Here’s the thing though: this complaint from Janet wasn’t coming directly from her. The thought was filtered through my colleague. And while Janet may indeed think I’m full of myself, only I know if I truly am. So in these moments of third-party feedback, donate back the thought. What I should have said to my colleague is: “Oh, I hate to hear that. Have Janet come talk to me directly.” Then Janet has two options: 1) admit to my colleague she was just venting and move on, or 2) come talk to me directly and tell me just how she feels.

But we can’t spend our time chasing down perceptions, rumors, or gossip. Second-hand bits of feedback are like that pair of jeans that just don’t fit you anymore—okay for someone else, but of no value to you.

Keep Pile: What Is Clear

When you toss out thoughts that have no truth, and donate back thoughts that aren’t directly yours, then you’re down to only one (much smaller) pile of worry. In this pile are the thoughts and feedback you receive appropriately, professionally, and directly. Just like your favorite jeans or the blazer that fits you just right, these are the only thoughts allowed to take up space in your mental closet. I once had a student come up to me after class with some feedback about my grading rubric. Though her points were critical, she was very professional. And I appreciated that she came directly to me rather than just whispering to her classmates resentfully all semester. I was able to reflect on the feedback and correct a few of her very valid points. Keep those bits of feedback that come to you directly, and jettison the rest.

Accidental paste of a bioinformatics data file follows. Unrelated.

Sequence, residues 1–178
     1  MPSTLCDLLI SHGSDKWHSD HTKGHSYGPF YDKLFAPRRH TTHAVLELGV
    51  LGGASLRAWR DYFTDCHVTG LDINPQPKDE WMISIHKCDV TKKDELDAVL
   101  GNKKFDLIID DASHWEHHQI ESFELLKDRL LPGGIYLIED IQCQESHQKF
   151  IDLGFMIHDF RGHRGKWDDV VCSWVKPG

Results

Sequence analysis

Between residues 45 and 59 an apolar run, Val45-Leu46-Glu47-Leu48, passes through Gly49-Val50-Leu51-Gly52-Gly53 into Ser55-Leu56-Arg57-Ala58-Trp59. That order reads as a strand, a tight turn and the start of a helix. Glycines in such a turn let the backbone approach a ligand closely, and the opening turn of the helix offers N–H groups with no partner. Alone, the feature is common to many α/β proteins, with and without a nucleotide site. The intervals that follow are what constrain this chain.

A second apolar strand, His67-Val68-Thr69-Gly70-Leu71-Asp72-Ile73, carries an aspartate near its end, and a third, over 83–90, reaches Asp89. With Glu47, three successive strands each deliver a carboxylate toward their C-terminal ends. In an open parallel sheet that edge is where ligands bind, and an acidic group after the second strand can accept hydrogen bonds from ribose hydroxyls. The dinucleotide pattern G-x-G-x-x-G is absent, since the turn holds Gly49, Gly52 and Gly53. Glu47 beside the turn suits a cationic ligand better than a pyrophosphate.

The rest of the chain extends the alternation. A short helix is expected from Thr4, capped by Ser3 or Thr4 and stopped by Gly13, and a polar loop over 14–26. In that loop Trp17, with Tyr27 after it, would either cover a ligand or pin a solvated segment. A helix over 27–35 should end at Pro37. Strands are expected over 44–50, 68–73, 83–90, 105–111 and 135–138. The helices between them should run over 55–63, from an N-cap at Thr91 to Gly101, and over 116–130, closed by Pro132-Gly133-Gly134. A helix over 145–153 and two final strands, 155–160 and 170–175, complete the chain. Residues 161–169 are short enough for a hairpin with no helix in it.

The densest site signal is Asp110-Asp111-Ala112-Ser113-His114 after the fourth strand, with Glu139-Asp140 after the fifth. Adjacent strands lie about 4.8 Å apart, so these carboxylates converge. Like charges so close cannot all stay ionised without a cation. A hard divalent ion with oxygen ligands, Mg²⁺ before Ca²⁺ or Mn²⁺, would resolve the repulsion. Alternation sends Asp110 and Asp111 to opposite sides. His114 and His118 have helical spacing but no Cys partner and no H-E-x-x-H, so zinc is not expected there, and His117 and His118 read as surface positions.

By managing your mental space this judiciously, you gain a few important benefits:

1) you’re released from a lot of needless worry; 2) you don’t give into your fears of what people think of you or bend to the rumor mill; and 3) you create a system where you can sort through the worry and use only the direct and appropriate feedback to become a stronger, better person.

So when you find yourself worried about what someone else thinks about you, quickly sort the thought in your head: is it just something you fear, something you hear, or something that is clear? Toss, donate, and keep, respectively. Once you’ve purged all the thoughts that have no value or should belong to someone else, you’ll have so much more space for only the most valuable of thoughts to be stored.

About The Author

Meg Myers Morgan

Dr. Meg Myers Morgan is an assistant professor at the University of Oklahoma and the director of graduate programs in Public Administration and Nonprofit Management on the OU-Tulsa campus and author of Everything is Negotiable: The 5 Tactics to Get What You Want in Life, Love & Work. She speaks publicly about recruiting and retaining talent; negotiating in work and life; and developing women as leaders. Meg holds a PhD and an MPA from the University of Oklahoma, and a degree in English and Creative Writing with honors from Drury University.